The food stamp program has been in trouble since the 1990s, said Celia Hagert, senior policy analyst for the Center of Public Policy Priorities, a group that helps low-income people. She said that in 2006, the state sought to privatize the food stamp program, a move that triggered a massive exodus of workers.

"We lost about a third of the work force, maybe closer to half," she said. The privatization program was put on hold, but the dearth in workers remained. "The system became overwhelmed, and since then we haven't met the federal standard," she said.

Food stamp workers share frustrations

Corrie MacLaggan
Austin American-Statesman

When the new head of the agency responsible for the state's backlogged food stamp applications sent an e-mail to employees asking for feedback about the agency, he got it.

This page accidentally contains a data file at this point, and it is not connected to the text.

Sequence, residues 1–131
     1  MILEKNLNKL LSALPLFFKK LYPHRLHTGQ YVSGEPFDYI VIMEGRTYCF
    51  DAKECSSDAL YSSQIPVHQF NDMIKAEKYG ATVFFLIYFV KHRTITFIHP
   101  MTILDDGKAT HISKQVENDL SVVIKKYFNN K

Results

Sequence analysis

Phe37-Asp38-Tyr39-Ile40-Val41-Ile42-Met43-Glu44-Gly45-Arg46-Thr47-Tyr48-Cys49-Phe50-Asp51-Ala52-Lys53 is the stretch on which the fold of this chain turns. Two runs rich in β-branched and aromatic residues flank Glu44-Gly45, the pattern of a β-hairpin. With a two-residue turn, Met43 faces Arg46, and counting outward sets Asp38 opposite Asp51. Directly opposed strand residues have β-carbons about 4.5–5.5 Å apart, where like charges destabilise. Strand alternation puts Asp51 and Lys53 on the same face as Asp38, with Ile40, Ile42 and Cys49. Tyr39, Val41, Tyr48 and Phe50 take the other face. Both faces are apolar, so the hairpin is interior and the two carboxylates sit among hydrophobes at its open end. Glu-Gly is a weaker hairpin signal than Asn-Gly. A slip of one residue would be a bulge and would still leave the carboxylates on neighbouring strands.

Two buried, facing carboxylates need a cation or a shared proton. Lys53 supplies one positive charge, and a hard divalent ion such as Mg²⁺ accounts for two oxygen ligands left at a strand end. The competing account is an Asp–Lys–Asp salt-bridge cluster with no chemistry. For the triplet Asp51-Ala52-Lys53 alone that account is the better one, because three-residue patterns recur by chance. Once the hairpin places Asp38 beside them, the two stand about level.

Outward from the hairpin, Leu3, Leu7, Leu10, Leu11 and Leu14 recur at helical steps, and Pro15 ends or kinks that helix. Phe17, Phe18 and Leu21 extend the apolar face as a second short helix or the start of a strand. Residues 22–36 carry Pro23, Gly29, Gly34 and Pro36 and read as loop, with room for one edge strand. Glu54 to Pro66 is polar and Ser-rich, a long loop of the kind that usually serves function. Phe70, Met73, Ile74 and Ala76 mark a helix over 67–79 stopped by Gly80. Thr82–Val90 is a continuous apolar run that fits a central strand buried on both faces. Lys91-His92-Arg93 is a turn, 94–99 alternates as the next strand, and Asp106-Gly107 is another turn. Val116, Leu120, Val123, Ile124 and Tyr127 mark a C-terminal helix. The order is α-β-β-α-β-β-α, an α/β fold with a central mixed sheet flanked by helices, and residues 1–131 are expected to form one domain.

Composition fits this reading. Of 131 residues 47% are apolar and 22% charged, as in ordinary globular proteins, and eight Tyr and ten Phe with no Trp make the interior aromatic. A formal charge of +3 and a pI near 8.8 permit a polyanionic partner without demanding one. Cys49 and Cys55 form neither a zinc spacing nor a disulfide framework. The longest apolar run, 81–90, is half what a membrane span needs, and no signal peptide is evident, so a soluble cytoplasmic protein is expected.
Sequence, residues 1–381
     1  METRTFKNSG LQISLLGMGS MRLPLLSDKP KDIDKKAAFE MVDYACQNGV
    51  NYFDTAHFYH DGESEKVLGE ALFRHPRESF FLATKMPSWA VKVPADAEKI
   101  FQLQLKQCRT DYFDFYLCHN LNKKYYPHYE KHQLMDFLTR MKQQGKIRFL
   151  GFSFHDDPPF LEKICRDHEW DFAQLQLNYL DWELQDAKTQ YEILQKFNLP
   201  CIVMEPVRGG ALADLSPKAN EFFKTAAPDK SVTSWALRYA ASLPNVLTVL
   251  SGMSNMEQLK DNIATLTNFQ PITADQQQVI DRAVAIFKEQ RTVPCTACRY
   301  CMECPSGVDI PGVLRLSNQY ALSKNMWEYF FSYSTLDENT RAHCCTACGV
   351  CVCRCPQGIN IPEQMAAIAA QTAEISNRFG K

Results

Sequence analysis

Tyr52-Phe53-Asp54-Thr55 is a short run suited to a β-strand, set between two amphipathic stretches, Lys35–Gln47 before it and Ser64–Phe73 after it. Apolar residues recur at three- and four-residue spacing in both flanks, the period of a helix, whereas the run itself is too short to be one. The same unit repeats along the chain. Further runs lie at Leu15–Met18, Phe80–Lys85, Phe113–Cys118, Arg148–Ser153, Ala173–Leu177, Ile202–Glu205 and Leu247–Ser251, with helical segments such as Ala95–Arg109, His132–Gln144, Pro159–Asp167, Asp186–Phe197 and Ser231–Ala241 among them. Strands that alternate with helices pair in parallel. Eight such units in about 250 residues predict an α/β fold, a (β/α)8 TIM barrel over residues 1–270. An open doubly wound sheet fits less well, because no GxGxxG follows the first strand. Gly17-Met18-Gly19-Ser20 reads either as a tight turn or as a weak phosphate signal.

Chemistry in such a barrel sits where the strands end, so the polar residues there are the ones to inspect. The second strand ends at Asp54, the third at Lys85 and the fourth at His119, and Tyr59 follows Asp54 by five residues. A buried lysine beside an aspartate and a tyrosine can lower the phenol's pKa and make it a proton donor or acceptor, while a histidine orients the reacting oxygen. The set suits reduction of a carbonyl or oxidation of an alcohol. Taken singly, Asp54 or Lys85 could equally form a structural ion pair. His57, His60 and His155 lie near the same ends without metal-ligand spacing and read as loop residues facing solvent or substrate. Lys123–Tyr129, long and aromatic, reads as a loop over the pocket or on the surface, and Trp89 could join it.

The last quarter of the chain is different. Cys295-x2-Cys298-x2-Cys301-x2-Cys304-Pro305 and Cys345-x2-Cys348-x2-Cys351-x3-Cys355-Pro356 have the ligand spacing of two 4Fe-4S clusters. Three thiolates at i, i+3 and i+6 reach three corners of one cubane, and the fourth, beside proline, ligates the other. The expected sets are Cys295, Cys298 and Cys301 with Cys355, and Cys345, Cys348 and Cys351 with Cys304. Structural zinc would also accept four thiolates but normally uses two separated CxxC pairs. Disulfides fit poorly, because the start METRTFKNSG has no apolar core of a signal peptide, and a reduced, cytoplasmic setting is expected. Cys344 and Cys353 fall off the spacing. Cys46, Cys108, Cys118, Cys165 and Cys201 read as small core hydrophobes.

About 500 state workers replied to Health and Human Services Executive Commissioner Tom Suehs, telling him about low morale and low pay, poor management, technology problems, insufficient training, long hours away from their families. They wrote about feeling frazzled, crying on the drive to work and actively looking for other jobs.

"I have been with the agency 21 years and I have never seen it this bad," wrote Linda Perez, a supervisor in San Benito. "We can't work like this anymore. Morale is low but we come to work every day with the hope that things will get better."

The commission has struggled since experienced state employees started leaving in advance of a major privatization effort in 2005. And the current economic downturn has led to a sharp increase in applications, resulting in the longest wait times agency officials can remember - families routinely wait months - and drawing warnings from the federal government that if Texas doesn't start meeting 30-day processing deadlines, the state's food stamp aid will be in jeopardy.

To work through the backlog, many of the nearly 7,700 state employees known as eligibility workers are staying at the office into the evenings and coming in on weekends, putting in an average of 13 hours of overtime a week. In some cases, the overtime is mandatory.